I've written a simple function for building a prefix tree (and searching):

import qualified Data.List as L
import qualified Data.Map as M
data Tree a = Empty | Node a [Tree a] deriving (Show, Eq)
partitionBy f = map snd . M.toList . M.fromListWith (++) . map (\x -> (f x, [x]))
buildTree value dt = Node value (map (\x -> buildTree (head . head $ x) (map tail x)) . grps $ dt)
    where grps = partitionBy (\x -> head x) . filter (\x -> 0 < length x)

treeToList (Node v lst) 
                | length lst > 0 = [v] : foldl (\l x -> (map (v:) $ treeToList x) ++ l) [] lst
                | otherwise = [[v]]

searchTree tl [] tree  = Just (map (init tl ++) . treeToList $ tree)
searchTree tl (x:xs) (Node _ lst) 
                | length next_sub_trees > 0 = searchTree (tl ++ [x]) xs (head next_sub_trees)
                | otherwise = Nothing
    where next_sub_trees = filter (\ (Node v1 _) -> v1 == x) lst

main = do
    let tree = buildTree ' ' ["hi", "hello", "me", "you", "mouse", "mek", "meee"]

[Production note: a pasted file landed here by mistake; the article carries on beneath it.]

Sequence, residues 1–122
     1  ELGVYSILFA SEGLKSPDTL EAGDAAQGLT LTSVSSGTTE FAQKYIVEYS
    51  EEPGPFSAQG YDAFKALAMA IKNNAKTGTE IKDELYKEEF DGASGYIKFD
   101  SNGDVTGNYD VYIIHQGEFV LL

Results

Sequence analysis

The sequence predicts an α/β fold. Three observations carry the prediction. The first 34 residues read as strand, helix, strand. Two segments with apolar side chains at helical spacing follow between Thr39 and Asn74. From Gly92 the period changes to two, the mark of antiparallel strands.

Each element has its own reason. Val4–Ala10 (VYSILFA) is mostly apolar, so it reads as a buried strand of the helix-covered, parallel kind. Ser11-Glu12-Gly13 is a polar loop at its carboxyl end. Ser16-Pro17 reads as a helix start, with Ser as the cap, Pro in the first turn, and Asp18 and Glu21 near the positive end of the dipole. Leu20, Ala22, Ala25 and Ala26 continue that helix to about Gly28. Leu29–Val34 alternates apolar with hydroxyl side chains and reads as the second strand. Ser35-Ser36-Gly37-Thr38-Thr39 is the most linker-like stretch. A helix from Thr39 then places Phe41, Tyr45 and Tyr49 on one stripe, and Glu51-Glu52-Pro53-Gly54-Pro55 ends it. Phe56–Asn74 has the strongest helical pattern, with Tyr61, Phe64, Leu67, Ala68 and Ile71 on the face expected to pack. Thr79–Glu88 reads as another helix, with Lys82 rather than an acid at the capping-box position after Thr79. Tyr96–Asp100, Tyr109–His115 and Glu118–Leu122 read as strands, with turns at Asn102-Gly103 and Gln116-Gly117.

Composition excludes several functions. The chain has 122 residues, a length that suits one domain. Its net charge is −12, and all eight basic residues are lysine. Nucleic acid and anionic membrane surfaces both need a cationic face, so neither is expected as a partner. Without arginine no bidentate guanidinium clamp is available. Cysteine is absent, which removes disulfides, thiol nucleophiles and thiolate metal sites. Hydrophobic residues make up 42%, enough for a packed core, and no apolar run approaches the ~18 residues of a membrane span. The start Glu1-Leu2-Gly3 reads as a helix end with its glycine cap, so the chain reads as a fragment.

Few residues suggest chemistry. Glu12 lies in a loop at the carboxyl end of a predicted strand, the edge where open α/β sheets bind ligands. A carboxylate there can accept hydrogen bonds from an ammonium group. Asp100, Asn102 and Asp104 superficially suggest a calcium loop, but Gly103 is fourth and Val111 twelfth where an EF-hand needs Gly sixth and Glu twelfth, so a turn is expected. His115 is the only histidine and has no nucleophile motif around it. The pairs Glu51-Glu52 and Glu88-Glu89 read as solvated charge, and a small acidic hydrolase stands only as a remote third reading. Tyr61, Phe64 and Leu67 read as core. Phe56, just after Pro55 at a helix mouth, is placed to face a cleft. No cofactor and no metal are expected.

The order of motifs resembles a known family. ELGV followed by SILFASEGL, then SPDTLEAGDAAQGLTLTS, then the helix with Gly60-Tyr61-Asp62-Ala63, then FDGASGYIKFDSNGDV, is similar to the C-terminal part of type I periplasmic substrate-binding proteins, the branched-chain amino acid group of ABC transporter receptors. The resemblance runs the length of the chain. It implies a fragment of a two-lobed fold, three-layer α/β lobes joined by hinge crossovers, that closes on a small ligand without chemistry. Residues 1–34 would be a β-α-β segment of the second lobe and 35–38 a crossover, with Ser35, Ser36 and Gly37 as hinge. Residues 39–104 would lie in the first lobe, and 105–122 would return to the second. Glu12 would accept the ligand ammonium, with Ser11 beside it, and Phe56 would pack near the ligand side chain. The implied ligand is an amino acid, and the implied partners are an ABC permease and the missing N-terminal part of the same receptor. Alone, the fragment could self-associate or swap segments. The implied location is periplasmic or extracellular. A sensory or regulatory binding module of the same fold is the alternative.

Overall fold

print tree
    print $ treeToList tree 
    print $ searchTree "" "me" tree

I'm new to Haskell. Can anyone help me to make this function better/faster?


At first glance, here are some suggestions-

  1. (\x -> head x) can be written as just "head".

  2. (\x -> 0 < length x) can be written as "(0 <) . length (this is point free notation, which I prefer, although some people may prefer your way.

  3. Use more built in stuff- There is already a built in groupBy and sortBy functions, you won't have to cast to a map and back. There is already a built in Tree/Forest library, you don't need to create your own.

  4. This is more for my (a reader of your code) sanity than you: Wrtie out the function types! :) It took me a while to see what each function was doing, and a type signature would have made it obvious right away. It also helps the compiler give you more meaningfull error messages. Remember, you too will be a reader of your own code in a few months also, you will thank yourself.


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